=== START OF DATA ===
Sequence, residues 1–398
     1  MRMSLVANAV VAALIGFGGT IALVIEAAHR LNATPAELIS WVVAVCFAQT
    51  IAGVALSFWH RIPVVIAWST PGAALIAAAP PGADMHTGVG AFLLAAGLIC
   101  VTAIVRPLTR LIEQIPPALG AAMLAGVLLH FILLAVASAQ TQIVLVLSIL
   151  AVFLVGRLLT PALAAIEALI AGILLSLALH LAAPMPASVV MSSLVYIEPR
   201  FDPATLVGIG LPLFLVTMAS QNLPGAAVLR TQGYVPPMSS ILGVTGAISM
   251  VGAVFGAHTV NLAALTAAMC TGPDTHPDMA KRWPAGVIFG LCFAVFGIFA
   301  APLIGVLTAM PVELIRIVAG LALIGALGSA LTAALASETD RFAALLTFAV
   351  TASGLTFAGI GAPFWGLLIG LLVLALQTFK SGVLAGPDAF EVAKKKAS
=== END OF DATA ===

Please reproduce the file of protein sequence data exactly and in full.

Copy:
Sequence, residues 1–398
     1  MRMSLVANAV VAALIGFGGT IALVIEAAHR LNATPAELIS WVVAVCFAQT
    51  IAGVALSFWH RIPVVIAWST PGAALIAAAP PGADMHTGVG AFLLAAGLIC
   101  VTAIVRPLTR LIEQIPPALG AAMLAGVLLH FILLAVASAQ TQIVLVLSIL
   151  AVFLVGRLLT PALAAIEALI AGILLSLALH LAAPMPASVV MSSLVYIEPR
   201  FDPATLVGIG LPLFLVTMAS QNLPGAAVLR TQGYVPPMSS ILGVTGAISM
   251  VGAVFGAHTV NLAALTAAMC TGPDTHPDMA KRWPAGVIFG LCFAVFGIFA
   301  APLIGVLTAM PVELIRIVAG LALIGALGSA LTAALASETD RFAALLTFAV
   351  TASGLTFAGI GAPFWGLLIG LLVLALQTFK SGVLAGPDAF EVAKKKAS